How to Get Published in JPR
JPR aims to publish the best papers in plankton research and those that significantly advance the field. With a limited page budget many perfectly competent papers cannot be accepted. Currently the rejection rate of the journal is in the order of 65%. Scientific quality and relevance to the broad readership of JPR are primary issues when considering submitting a paper to the journal.
Points to consider when preparing your manuscript
- A key step to getting published in JPR is to ensuring that your submitted research is appropriate for the journal. Read the JPR Scope Statement carefully and make sure that your research fits and is appropriate for the journal.
- The most common reasons for immediate rejection of a manuscript without review are that it does not address the scope of the journal and hence is inappropriate for further consideration by JPR. Examples of unacceptable manuscripts are those that are essentially descriptive with no clear aim or which do not address a specific hypothesis. Equally unacceptable are regional studies that are not set in a wider context and research for which the significance or novelty is not apparent. Authors are required to provide a cover letter upon submission, and this is where they should summarize the significance and importance of the research. The cover letter forms an important part of the initial evaluation of a manuscript.
- Consider carefully which is the most appropriate category of paper and follow the format instructions on the JPR website carefully.
- Excessive length and/or inappropriate number of Figures and Tables will result in the manuscript being returned without review. JPR provides the opportunity of inclusion of Supplementary Material online and also actively encourages Data Archiving.
- While detailed and specific plankton studies are entirely appropriate, manuscripts that consider a broader context for plankton research, for example in biogeochemistry, ecological theory or comparative physiology or biochemistry are particularly welcome. JPR seeks to publish papers that have a wider significance for science.
- Clearly and concisely stating the aim of the work at the beginning of a manuscript and then coming back in a conclusion or summary to state the outcomes and significance helps both the reviewers and ultimately the readers of your work.
- An accurate and informative title, abstract and key words are important. For online bibliographic searching these have a key role in drawing the attention of potential readers to your paper.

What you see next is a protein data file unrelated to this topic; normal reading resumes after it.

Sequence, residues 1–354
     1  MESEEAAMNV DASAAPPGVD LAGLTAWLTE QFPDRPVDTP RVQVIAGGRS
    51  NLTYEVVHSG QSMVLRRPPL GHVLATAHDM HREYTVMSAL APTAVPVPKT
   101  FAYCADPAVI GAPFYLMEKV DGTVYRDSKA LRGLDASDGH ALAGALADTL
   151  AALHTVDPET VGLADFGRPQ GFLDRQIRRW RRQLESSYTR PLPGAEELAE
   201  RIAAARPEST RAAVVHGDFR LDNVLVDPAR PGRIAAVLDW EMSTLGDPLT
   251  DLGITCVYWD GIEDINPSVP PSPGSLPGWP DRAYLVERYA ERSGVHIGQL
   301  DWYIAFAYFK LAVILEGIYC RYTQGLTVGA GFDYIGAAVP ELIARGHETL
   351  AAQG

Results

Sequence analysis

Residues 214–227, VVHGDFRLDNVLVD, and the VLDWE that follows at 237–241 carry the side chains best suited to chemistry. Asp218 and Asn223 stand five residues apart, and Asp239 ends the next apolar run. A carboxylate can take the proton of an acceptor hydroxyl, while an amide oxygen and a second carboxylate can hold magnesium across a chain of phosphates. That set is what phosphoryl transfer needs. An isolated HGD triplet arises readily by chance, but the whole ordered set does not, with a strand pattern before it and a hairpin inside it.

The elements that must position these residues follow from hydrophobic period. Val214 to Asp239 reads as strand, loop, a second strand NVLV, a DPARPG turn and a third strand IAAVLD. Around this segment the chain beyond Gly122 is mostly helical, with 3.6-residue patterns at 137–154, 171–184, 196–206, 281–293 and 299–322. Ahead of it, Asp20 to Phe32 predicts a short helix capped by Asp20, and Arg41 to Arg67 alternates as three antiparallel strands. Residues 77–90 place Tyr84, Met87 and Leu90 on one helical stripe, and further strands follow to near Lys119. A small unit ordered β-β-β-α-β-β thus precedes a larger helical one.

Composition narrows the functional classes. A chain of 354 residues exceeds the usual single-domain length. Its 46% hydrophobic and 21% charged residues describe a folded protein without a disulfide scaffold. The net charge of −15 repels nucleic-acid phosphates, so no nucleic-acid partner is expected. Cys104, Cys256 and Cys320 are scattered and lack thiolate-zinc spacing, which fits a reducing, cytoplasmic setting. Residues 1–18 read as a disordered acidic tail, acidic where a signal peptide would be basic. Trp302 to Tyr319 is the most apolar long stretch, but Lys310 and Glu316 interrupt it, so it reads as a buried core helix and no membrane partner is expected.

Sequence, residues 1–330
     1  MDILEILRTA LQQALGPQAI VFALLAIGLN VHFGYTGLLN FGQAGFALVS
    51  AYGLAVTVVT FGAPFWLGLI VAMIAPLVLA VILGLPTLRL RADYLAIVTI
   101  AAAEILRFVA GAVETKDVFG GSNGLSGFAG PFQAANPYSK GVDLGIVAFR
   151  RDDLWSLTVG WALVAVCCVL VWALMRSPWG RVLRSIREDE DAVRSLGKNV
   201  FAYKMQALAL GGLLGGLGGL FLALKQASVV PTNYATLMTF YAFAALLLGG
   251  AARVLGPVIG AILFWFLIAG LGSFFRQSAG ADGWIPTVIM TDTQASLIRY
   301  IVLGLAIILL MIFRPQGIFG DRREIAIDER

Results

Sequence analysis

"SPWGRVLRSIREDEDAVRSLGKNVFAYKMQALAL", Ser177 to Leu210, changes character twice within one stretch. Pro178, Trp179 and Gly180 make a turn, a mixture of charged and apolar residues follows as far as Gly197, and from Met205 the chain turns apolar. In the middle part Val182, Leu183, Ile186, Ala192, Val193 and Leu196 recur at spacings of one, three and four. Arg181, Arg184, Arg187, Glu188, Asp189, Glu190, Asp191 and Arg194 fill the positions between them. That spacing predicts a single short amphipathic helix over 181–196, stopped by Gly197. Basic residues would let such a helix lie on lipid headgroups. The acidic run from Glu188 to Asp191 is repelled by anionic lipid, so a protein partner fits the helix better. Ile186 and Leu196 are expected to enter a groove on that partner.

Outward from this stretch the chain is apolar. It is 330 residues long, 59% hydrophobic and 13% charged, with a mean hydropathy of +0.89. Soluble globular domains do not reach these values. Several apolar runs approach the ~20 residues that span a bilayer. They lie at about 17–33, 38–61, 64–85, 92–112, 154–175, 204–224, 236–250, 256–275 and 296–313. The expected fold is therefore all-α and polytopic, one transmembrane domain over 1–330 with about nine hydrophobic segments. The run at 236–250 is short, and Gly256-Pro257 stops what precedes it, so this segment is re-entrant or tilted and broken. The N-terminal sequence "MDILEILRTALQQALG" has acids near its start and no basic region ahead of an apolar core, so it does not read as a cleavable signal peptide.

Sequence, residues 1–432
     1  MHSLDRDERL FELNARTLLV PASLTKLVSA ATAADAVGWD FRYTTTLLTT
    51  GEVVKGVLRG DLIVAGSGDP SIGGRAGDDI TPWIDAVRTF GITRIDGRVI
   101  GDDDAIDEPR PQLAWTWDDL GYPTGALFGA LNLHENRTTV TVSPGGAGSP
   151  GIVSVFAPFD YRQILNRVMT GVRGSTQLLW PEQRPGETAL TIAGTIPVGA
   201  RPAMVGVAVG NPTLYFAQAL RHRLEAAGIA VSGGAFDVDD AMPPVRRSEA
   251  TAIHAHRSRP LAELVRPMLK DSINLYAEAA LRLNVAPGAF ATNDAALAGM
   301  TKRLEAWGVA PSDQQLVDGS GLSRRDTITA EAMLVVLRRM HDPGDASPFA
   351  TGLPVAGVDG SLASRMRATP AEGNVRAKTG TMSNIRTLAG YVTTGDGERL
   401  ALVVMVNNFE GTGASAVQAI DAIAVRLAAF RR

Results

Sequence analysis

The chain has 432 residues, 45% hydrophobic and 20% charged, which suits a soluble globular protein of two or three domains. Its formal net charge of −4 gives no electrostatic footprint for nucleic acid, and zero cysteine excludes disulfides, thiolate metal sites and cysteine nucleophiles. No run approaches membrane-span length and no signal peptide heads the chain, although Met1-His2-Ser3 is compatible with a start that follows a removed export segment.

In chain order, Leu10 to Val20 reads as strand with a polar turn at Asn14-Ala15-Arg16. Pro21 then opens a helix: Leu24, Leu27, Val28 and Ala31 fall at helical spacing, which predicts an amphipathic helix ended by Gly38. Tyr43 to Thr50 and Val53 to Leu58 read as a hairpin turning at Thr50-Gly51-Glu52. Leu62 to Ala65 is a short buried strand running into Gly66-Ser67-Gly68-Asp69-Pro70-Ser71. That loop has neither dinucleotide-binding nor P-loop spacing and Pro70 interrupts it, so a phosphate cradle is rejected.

- All JPR papers should include a Conclusions section at the end of each article, which should also be summarized in the Abstract. The Conclusions should be clear, concise and readily understood by the readership.
- After specialist peer review the most common reasons for manuscript rejection are flawed study design, inappropriate methodology or statistical analysis, a lack of detail in the methods, or repetition of previously published work. Additionally, if the writing is unclear or the manuscript is not well organized then this may impede the review process resulting in a negative recommendation. To avoid reviewers dwelling on stylistic details at the expense of scientific evaluation, authors are advised to submit only fully polished manuscripts. JPR recognises the challenges of non-English speaking authors and papers will only be rejected on the basis of language if initial review is not possible due to an inability to understand the manuscript. However, a standard of English appropriate for an international journal will make the work of the reviewers easier and so is likely to result in a more favourable review.
- In an era of an ever-increasing number of scientific journals, particularly those publishing online, it is inevitable that JPR receives some papers that may have been previously rejected by other journals. It is not a condition of submission, but an open acknowledgement of prior rejection by another journal, together with the reasons can materially assist the JPR review process. Papers that are sent to a reviewer who has previously seen the paper for another journal particularly if his/her advice has not been taken into account in preparing a revised version, very often attract negative review comments.
JPR seeks to serve the plankton research community by publishing the highest quality scientific papers, with rapid publication, and with high standards of technical presentation. By paying careful attention to the above, authors can help the journal to achieve this aim.
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